4 Easy Ways To Destroy Your Admission Chances With A College Admission Board

Whether you are applying to Graduate School or your first entrance into university life, colleges care about what image you project to the world and one way they see this, other than your application materials, is by searching you on the Internet. This not only applies to colleges but young professionals seeking professional growth as well.  The Social Web offers plenty of ways for one to promote or destroy ones reputation, so make sure you are staying clear of the following:

1.  Post a picture of you doing a keg stand as your Facebook Profile Picture. Some people are really that naive to the fact that college admission boards can and will try to find you on Facebook.  Depending on your privacy settings they may not be able to see your photo, but where there is a will there is a way.  So, take down the picture of you making out with your significant other, dancing on a table or chugging a beer.  This goes for Myspace or any other generally used social network.  Be smart about the information you post on Facebook.  Ask yourself, would you want your Grandmother to see this?

2.  Tweet about how irresponsible you are. College is about leaving home and proving to the world you can stand on your own two feet.  This is a young adults chance to show the world that they have their priorities straight despite the lack of parental supervision and guidance that comes with the new phase of you life.  Tweeting about how belligerent you were at last night’s party is not something colleges want to see.  Remember, you are what you Tweet so Tweet Smart on Twitter.

3.  Post contradictory information on your LinkedIn Profile. This most likely applies more to those applying to graduate school because there is not much return for high school students using LinkedIn at that early stage in life.  Nevertheless, many colleges make you send in a resume or some proof of what jobs or positions you have held throughout your young life.  If the dates and information on this form do not match what you have on your LinkedIn profile, you are perceived to be lying about something.  No college wants to let in dishonest people as academic dishonesty is a huge issue that leads to expulsion in many cases.  Make sure all your information is consistent across the board on all your profiles, especially LinkedIn.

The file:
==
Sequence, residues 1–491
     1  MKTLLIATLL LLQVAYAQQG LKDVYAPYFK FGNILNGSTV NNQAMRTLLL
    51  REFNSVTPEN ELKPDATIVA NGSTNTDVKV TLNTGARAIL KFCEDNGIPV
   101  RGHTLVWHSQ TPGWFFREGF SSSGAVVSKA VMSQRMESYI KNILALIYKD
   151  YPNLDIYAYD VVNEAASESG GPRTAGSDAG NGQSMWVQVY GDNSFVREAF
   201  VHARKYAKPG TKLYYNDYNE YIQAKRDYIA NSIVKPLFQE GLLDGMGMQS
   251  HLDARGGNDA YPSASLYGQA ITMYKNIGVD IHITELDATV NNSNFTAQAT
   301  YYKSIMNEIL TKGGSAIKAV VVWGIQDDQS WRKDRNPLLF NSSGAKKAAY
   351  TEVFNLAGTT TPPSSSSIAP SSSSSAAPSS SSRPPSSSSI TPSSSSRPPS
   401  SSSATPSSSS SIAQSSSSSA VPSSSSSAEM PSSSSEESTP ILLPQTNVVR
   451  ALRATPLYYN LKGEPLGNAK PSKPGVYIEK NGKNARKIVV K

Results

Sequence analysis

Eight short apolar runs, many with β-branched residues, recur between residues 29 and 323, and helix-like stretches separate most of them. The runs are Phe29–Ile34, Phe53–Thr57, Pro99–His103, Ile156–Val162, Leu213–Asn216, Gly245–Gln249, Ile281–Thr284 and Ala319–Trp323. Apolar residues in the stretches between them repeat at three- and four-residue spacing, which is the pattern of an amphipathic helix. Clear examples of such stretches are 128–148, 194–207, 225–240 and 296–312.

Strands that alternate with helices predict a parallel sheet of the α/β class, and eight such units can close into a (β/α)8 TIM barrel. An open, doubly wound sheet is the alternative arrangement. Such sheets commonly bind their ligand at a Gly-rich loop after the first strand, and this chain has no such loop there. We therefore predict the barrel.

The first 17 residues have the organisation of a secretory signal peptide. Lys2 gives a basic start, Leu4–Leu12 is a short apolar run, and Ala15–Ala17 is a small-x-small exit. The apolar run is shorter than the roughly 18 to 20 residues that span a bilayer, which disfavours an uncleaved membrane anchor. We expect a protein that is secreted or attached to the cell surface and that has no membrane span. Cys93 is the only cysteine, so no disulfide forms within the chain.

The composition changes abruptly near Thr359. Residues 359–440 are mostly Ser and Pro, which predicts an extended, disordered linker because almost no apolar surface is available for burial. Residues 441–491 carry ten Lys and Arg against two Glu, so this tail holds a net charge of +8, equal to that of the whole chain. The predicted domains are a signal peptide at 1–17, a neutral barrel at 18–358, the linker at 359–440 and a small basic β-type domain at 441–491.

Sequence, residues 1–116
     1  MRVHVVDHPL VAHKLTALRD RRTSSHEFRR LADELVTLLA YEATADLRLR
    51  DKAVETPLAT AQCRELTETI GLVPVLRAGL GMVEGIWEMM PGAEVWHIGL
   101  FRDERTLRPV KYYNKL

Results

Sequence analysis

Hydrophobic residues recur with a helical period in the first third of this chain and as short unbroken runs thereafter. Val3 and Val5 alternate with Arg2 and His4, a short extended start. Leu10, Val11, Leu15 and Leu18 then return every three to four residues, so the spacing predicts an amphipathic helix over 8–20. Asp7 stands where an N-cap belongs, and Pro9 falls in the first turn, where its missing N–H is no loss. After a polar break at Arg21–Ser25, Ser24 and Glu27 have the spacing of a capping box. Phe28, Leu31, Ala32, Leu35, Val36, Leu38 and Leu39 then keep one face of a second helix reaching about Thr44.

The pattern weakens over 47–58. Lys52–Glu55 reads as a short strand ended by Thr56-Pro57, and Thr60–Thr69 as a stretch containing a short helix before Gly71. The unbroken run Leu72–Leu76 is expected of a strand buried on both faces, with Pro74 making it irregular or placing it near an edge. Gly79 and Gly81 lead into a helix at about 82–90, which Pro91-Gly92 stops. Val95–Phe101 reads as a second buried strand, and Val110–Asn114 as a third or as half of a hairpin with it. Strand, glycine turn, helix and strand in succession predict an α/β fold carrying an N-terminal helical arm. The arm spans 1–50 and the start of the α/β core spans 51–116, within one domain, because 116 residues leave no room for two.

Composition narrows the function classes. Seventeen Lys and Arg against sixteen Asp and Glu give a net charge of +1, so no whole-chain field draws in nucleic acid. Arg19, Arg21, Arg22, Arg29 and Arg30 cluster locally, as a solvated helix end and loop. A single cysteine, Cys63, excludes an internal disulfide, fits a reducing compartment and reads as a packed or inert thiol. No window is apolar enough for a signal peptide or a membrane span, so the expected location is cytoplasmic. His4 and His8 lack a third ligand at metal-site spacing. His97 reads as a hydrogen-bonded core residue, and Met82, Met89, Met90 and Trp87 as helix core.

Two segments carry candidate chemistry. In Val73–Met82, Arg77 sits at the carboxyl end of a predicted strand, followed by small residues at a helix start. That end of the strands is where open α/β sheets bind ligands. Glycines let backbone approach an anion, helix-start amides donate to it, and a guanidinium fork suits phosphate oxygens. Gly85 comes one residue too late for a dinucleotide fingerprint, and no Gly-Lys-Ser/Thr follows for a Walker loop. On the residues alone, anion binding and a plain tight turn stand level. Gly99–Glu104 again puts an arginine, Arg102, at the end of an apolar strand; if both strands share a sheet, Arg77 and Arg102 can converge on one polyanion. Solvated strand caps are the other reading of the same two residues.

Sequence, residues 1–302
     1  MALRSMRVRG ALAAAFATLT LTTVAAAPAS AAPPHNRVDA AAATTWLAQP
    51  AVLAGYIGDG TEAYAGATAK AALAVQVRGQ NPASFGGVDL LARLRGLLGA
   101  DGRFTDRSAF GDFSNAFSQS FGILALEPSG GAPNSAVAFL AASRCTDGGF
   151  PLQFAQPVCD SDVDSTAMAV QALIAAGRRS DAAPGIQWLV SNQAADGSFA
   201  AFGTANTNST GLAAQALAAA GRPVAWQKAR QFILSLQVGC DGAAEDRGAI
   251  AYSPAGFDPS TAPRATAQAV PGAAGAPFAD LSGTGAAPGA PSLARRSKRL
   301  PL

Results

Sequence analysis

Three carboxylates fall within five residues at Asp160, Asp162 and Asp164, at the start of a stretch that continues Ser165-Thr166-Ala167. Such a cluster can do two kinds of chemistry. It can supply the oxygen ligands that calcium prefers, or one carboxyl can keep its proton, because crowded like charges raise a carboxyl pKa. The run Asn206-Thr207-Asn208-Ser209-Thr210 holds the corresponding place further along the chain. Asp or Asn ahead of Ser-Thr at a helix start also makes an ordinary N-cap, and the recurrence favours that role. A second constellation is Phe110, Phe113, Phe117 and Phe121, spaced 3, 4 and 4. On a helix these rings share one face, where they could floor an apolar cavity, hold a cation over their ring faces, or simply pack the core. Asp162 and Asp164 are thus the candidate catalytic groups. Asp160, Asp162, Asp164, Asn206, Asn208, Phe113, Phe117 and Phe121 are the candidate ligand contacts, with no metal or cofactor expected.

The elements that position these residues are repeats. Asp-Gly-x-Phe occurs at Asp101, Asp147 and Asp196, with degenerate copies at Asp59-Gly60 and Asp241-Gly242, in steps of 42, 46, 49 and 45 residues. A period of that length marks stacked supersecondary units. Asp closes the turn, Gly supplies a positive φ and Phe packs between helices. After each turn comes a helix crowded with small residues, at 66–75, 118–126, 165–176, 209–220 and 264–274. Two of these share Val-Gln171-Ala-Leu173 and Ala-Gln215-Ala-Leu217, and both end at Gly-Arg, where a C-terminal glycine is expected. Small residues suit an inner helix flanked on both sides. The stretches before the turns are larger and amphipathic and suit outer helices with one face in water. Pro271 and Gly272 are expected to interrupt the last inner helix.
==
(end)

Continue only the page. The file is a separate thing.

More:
4.  Act Like An Idiot on YouTube. This depends on context.  Many idiots on YouTube are strategically being idiots because being an idiot is sometimes silly and being silly is marketable on YouTube.  However, there is a difference.  If you are the guy on YouTube smashing beer cans on your head with you name associated to the video, make sure you remove those ties.  While the ability to smash beer cans on your forehead may be a huge asset to your party plenty social circle, it is a huge liability to colleges.  College Boards will not be amused.

As a final note, not all colleges will look at these things, but you can bet on the fact that your future employer will.  Due to the fact that things are indexed on the web, a mistake on the social web can sometimes not be erased.  Thus, it is better to clear and clean your online reputation now to avoid doors closing on you in the future.  Whether you are facing college or post college life, remember that the social web can be used to your advantage or disadvantage depending on how you use it.  Nevertheless, reputation management is critical to future opportunities and reaching your goals.  For more information on how to use social media for reputation management consult The Social Capitalist on the Art of Social Media Optimization.
  • Audrieau

    Personally, while the advice to act responsibly on line is a good one, I think Universities and employers are far too busy to have the time or inclination to search every potential student's profile, let alone illegally access their private details. I wouldn't worry about it.

    That having been said however, I agree one should always be wary. All you say on the internet has far reaching exploitation possibilities, and may stay there for years to come.

  • Audrieau

    Personally, while the advice to act responsibly on line is a good one, I think Universities and employers are far too busy to have the time or inclination to search every potential student's profile, let alone illegally access their private details. I wouldn't worry about it.

    That having been said however, I agree one should always be wary. All you say on the internet has far reaching exploitation possibilities, and may stay there for years to come.